State Farm sent out an e-mail this week to its Select Service shops in Indiana and California stating that, effective July 13, 2009, it would no longer require those shops to use its electronic parts ordering system, which it had been testing since 2007.
State Farm Consultant George Avery said that this decision shouldn’t be interpreted that the system didn’t work but that the test had simply run its course.
“When you test something and find out it works and you learn what you need to know, you can’t test it forever. You find it works good, you get it and you know it," Avery said. “We’re going to use the knowledge we gained and move forward and look at more opportunities to benefit our customers.”
“We think it has tremendous value and anticipate that a lot of repairers will continue to use it,” Avery added. “We think that perhaps the experience of what these repairers went through might have won over some repairers who may not have wanted to try it because they found out there are some advantages to it.”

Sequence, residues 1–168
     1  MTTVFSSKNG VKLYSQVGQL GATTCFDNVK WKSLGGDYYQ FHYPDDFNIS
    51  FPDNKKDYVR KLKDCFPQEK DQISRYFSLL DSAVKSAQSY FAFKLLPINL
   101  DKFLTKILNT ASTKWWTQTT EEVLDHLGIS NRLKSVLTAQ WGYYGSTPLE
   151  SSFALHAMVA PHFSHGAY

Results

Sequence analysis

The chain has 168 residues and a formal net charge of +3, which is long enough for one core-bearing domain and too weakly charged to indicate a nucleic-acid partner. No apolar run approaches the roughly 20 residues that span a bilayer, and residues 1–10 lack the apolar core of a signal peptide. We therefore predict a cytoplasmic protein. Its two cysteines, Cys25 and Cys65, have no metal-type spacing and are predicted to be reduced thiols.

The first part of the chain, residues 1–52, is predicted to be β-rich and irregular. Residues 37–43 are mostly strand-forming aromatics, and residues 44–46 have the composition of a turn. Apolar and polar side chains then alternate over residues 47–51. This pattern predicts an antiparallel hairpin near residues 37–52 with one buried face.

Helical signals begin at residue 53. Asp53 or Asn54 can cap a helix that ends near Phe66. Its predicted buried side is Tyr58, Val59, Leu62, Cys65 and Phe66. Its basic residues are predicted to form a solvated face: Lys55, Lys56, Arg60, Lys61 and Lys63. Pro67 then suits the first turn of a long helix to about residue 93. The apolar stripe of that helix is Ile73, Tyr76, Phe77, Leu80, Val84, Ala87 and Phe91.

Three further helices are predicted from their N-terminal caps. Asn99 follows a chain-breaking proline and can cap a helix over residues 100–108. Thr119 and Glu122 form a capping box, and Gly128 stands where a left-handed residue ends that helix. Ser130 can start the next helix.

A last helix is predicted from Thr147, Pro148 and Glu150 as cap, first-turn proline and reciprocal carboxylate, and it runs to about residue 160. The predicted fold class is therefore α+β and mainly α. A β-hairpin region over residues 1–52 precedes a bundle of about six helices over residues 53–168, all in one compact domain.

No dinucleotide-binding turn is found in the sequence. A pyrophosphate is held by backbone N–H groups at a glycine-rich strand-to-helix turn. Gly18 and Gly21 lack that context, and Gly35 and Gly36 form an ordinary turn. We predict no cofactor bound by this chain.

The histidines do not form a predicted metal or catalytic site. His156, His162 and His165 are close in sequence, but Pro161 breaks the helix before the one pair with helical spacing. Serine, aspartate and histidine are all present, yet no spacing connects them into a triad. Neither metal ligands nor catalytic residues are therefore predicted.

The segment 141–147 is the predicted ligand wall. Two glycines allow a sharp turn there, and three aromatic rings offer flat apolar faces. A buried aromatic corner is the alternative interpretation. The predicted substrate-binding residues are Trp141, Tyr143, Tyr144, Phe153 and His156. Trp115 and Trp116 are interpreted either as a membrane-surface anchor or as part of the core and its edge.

In the e-mail, State Farm stated that it believes in the benefits of the system but is aware of significant amounts of change that have occurred in the industry since the test was first started.
The stress that the OEMs have been going through, Avery said, prompted State Farm some time ago to discontinue the 3-percent reduction on the manufacturer’s suggested retail price, the savings of which State Farm said would be passed along through the parts departments and Select Service shops. Shops had initially been concerned that their profit margins on parts would be reduced.
When the pilot program expanded from select markets to statewide in 2008, Avery said that State Farm had seen improvements in efficiency and the lowering of parts return rates thanks to the VIN-scrubbing capabilities offered by the computerized service providers participating in the program.